"Trail of 1843 and later continued south along Goose Creek."

From the camping area, the emigrants followed Goose Creek on down the valley for about ten miles to Marker C-16. Trails West photo by Bob Black The trail is close to the present driving road in many places and is marked with white Carsonite markers.

Marker C-17


LITTLE GOOSE CREEK

"We passed on up the [Goose] creek a few miles to where the main stream divurges to the right. We passed to the left up a small tributary & through a canyon walled with craggy rocks." - Augustus Ripley Burbank, August 7, 1849


No electronic access for this diary is available. The diary is held by the University of Oregon.

Marker C-18


ROCKY DESCENT

"Left the valley and turned to the right and ascended a hill very barren and sterile, composed of black, hard porous ... looking rocks." - Andrew Lopp Murphy, August 11, 1849


No electronic access of this diary is available. It is held in the collections of The State Historical Society of Missouri.

The trail continued on down Goose Creek about another ten miles to the entrance to Little Goose Creek canyon. The trail goes about four miles through the rugged, rocky canyon and then climbs up to the divide between the Snake River drainage and the Great Basin. Trails West photo by Bob Black

Marker C-19


THE CALIFORNIA TRAIL

"California Emigrant Trail between waters draining into Snake River and Great Salt Lake Basin."

Marker C-20


ROCK SPRING

"We passed on over a ... barren road ... to the Rock Springs. The springs rises on the right from under a ledge of rock at the point of a mountain ridge. ... it is generally crowded with footmen, horses, cattle & wagons." - A. R. Burbank, August 7, 1849


No electronic access for this diary is available. The diary is held by the University of Oregon.

After following Little Goose Creek to its head, the emigrants struck across a sage plain for about ten miles to Rock Spring. This beautiful spring issued from the foot of a cliff of rocks, ran across the trail and then disappeared in the sand. However, it was a not a good place to camp as there was no feed. Trails West photo by Bob Black

Marker C-21


EMIGRANT SPRINGS

"Emigrant Springs campsite on California Emigrant Trail."

Marker C-22


CHICKEN SPRINGS

"Road passes over some low hills into Thousand Springs Valley." - James Shepherd, July 13, 1850


No electronic access to this diary is available. It may be found in libraries (including the research library of the CTIC) or rare book collections.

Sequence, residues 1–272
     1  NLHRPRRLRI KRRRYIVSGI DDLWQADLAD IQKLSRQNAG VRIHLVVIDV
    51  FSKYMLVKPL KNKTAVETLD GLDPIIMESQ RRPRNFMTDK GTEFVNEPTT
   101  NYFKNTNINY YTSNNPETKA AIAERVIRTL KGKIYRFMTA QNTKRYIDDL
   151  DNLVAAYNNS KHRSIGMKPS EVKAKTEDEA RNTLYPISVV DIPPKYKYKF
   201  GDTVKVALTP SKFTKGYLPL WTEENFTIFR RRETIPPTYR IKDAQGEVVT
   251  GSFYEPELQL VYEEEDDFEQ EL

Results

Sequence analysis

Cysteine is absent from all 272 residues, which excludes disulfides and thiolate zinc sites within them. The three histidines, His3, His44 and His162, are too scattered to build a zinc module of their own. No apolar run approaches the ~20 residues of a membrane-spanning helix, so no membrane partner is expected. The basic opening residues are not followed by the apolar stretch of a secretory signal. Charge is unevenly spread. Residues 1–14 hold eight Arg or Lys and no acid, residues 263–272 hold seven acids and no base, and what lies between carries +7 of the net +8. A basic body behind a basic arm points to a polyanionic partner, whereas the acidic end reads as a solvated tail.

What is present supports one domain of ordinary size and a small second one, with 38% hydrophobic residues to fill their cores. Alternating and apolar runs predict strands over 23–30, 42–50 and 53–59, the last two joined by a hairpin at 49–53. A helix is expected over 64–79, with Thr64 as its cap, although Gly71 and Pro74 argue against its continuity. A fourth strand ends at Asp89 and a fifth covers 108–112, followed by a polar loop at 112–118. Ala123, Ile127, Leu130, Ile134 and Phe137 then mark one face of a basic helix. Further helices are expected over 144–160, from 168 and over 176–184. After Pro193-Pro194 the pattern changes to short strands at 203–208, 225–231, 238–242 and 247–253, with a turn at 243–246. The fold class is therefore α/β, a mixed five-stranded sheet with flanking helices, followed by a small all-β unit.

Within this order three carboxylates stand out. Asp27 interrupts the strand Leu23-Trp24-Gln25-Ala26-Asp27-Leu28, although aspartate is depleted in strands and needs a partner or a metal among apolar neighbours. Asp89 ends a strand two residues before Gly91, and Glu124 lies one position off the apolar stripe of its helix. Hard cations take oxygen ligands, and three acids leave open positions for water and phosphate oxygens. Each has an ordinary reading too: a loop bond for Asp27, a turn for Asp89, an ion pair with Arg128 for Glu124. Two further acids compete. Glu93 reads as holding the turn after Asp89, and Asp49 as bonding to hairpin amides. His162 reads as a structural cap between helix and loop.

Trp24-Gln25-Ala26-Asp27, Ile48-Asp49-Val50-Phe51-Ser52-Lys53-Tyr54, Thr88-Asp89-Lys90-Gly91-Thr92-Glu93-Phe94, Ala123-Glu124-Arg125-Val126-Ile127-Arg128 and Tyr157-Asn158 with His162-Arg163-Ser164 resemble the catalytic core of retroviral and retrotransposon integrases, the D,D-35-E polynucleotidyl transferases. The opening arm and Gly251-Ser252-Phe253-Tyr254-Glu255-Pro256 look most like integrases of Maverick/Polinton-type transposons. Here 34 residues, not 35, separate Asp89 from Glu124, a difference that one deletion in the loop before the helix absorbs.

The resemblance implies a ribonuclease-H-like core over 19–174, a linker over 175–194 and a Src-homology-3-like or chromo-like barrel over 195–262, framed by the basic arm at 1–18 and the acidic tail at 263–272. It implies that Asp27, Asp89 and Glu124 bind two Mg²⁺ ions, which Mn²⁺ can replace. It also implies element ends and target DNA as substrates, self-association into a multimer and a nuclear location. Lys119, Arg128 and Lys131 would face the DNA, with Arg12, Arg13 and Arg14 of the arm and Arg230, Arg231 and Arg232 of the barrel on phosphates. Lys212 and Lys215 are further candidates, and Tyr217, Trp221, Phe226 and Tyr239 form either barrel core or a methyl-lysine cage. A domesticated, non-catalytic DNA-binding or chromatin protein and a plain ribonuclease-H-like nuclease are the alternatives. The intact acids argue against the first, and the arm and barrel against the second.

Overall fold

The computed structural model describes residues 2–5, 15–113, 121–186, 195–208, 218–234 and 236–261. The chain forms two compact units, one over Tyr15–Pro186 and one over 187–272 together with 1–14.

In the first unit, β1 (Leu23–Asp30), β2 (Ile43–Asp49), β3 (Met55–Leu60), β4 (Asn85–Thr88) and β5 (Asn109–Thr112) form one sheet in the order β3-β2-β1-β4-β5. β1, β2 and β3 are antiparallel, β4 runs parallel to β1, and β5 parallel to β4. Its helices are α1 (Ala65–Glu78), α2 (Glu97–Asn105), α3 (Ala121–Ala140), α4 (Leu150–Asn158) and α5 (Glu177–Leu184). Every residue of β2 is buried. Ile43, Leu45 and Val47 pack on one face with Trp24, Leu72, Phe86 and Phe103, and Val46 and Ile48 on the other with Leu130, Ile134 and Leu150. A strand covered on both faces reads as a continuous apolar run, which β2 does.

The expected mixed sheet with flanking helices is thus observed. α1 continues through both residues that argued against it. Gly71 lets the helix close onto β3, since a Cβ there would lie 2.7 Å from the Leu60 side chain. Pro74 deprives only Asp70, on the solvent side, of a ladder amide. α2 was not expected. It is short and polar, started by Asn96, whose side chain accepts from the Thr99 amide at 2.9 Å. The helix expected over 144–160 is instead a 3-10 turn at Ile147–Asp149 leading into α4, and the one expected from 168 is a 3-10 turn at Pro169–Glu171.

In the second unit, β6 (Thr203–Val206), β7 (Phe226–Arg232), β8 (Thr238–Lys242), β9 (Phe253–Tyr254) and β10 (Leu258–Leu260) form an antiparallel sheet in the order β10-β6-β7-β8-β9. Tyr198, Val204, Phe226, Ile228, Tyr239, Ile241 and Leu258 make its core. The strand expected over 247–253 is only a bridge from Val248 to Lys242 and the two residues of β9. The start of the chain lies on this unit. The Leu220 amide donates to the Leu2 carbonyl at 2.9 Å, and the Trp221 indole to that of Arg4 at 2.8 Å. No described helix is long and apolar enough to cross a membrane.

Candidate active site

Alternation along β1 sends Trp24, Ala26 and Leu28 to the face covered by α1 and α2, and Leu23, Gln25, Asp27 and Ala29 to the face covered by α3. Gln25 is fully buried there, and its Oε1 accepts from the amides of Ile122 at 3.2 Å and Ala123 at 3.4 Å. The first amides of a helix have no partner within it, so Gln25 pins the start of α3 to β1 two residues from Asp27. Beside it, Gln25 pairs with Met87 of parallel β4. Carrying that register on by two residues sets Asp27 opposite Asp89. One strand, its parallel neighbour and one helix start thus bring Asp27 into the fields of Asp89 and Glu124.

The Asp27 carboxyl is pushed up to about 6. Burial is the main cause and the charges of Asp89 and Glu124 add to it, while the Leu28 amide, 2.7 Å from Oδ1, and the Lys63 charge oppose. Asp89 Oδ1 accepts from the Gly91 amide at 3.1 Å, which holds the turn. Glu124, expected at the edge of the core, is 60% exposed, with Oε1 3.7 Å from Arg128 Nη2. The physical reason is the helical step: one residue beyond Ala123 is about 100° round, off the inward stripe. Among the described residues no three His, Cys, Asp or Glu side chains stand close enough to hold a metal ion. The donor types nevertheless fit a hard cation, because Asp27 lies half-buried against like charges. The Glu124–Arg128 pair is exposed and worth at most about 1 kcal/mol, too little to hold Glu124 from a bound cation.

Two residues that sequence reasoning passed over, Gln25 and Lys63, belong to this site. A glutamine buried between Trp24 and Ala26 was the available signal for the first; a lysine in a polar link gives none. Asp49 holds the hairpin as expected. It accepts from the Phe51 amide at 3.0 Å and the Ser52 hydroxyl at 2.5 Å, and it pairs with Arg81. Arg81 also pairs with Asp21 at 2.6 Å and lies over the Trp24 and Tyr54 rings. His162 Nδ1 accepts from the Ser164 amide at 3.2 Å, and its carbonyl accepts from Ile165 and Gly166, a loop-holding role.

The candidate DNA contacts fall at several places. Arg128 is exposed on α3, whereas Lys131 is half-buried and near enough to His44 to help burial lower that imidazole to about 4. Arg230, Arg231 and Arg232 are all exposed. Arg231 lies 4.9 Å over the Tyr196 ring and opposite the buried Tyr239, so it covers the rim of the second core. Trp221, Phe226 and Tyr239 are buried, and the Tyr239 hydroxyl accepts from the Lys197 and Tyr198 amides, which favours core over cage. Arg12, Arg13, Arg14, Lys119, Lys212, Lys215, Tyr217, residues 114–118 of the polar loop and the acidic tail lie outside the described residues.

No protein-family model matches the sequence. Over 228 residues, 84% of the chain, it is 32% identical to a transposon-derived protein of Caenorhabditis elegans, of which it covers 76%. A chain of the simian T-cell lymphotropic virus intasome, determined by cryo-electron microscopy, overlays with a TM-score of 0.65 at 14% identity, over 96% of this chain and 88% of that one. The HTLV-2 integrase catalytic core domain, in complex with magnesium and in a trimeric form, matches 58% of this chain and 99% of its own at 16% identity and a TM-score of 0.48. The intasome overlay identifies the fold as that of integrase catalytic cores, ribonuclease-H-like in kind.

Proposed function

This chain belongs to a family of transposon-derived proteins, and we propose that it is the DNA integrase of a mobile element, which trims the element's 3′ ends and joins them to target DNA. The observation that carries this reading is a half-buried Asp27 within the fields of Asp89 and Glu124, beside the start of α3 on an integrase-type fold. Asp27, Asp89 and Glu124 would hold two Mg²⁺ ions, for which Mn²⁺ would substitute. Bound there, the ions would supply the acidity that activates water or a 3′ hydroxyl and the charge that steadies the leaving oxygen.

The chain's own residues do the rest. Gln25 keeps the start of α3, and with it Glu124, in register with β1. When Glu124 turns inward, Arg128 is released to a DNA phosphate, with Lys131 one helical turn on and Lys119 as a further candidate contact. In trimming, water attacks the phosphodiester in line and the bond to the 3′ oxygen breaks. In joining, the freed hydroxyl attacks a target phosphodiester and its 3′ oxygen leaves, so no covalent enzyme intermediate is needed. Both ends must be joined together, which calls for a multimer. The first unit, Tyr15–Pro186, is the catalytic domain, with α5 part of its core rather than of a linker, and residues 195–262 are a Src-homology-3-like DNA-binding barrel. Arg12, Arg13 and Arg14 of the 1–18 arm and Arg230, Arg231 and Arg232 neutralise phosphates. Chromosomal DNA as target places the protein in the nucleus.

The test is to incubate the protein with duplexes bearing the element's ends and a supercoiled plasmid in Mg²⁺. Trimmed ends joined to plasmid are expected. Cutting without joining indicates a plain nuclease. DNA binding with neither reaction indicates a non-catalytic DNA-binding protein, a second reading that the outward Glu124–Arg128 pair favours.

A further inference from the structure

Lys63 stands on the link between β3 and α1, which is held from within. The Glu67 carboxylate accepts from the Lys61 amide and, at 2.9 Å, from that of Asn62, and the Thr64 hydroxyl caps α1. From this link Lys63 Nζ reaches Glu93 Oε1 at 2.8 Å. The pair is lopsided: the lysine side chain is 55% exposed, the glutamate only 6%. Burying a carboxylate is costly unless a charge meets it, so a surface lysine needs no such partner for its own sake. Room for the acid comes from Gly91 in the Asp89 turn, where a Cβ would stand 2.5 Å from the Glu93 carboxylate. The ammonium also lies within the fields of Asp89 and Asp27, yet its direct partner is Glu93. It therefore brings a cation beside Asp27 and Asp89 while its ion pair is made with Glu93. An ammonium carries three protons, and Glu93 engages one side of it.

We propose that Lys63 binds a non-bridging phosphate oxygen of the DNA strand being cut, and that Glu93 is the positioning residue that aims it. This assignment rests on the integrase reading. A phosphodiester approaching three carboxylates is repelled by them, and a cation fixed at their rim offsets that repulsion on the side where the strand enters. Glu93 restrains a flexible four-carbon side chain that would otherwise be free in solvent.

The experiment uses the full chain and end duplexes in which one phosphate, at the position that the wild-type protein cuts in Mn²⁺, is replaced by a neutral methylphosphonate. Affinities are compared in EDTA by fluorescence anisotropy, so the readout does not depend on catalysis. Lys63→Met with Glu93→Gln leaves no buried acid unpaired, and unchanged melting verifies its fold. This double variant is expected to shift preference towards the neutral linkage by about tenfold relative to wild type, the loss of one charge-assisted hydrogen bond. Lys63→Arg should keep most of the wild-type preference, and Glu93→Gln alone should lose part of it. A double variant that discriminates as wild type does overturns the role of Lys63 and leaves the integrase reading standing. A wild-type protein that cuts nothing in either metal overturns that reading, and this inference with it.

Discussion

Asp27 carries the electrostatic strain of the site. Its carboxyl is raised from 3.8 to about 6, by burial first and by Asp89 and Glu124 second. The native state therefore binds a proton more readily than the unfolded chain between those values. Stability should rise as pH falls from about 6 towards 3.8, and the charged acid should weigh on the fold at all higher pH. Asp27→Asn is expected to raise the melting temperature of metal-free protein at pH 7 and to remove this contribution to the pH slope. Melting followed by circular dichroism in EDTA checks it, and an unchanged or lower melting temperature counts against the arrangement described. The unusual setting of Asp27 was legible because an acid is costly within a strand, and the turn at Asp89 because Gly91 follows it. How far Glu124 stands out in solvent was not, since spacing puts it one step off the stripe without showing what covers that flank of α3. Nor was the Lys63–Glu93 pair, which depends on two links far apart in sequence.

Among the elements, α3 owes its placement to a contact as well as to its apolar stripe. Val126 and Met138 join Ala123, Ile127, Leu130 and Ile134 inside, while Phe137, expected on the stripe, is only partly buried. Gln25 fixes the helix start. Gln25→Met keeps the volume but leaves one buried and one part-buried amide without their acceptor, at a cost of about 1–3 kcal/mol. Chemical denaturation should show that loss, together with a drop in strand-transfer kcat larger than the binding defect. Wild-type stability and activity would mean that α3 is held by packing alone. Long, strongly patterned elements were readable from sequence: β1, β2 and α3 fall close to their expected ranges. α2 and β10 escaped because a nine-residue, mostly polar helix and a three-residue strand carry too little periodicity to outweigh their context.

Marker C-23


THOUSAND SPRINGS VALLEY

"Left the creek [Rock Springs Creek] and crossing a low point we camped on a creek [Thousand Springs Creek] that joins the former at right angles." - Byron McKinstry, August 7, 1850


Byron's diary is not currently available in digital form but may be available in libraries (including the research library of the CTIC) and from rare book dealers. You can learn more about his story in the Byron McKinstry Plaza Tour.

Excerpt from McKinstry's diary

Marker C-24


THOUSAND SPRINGS CREEK

"We came to some stinking water in pools in the bed of a small creek whose direction is towards us if it ever has any current. We continued up this ... valley, to a narrow part and camped - having rather bad water." - Elijah Preston Howell, August 4, 1849


No electronic access is available for this diary. It is held in the collections of The State Historical Society of Missouri and also in some libraries (including the research library of the CTIC) and rare book dealers.

Marker C-25


HOT AND COLD SPRINGS

"We ... came to springs that were boiling hot. Only five feet from them was another as cold as ice. Here were men engaged in washing their clothing." - Margaret Frink, July 21, 1850


Margaret's diary can be viewed at Hathitrust Digital Library. It is also reprinted in the Covered Wagon Women series of books (Volume 2, or "Best of" Volume 1) which may be available for purchase in the CTIC gift shop.


You might also be interested in exploring Margaret's diary in our plaza tour.

Marker C-26


HUMBOLDT DIVIDE

"From 1843 on, the emigrant trail came through Thousand Springs Valley, passed over the dividing ridge southeast of this marker, and forked. One fork went west along Bishop Creek. The other south to Humboldt Wells. Both rejoined at the Humboldt River."

Marker C-27


WEST BRUSH CREEK DRAW

"There is water in several places up the glen, and appearances of good grass, but it is very bare at present." - Joseph Middleton, August 31, 1849


Joseph's papers are held in the collection of Yale's Beinecke Rare Book & Manuscript Library. No electronic access is available at this time.

Marker C-27A


FORK TO HUMBOLDT RIVER

"Came over a long summit ... decended into a vally and in a short distance came to the fork of the two roads the right leading through the kanyon ... the left [to Humboldt Wells] ... affording a better road." - Caroline L. Richardson, August 9, 1852


Caroline's diary is in the collection of the Bancroft Library at UC Berkeley. No electronic access is available.

Marker C-28


BISHOP CREEK ROUTE

"Soon the road enters a canyon & follows it for 4 or 5 miles. This is the ruffist & most rugged canyon that we have passed." - Charles Cummings, August 10, 1859


Charles J. Cummings' diary is held in the collections of the Beinecke Rare Books and Manuscripts at Yale University. His diary is also included in a set of three documents available from the OCTA Journal website.

Marker C-28A


HUMBOLDT WELLS ROUTE

"At the right [on the Humboldt Wells Route] about 200 yards is a fine spring [Town Creek Spring]. Good grass & sage for fuel. The emigration seems to be hurrying on to reach the Humboldt River." - Jotham Newton, August 3, 1853


Newton's papers are held in the collections of the Bancroft Library at UC Berkeley. No electronic access is currently available.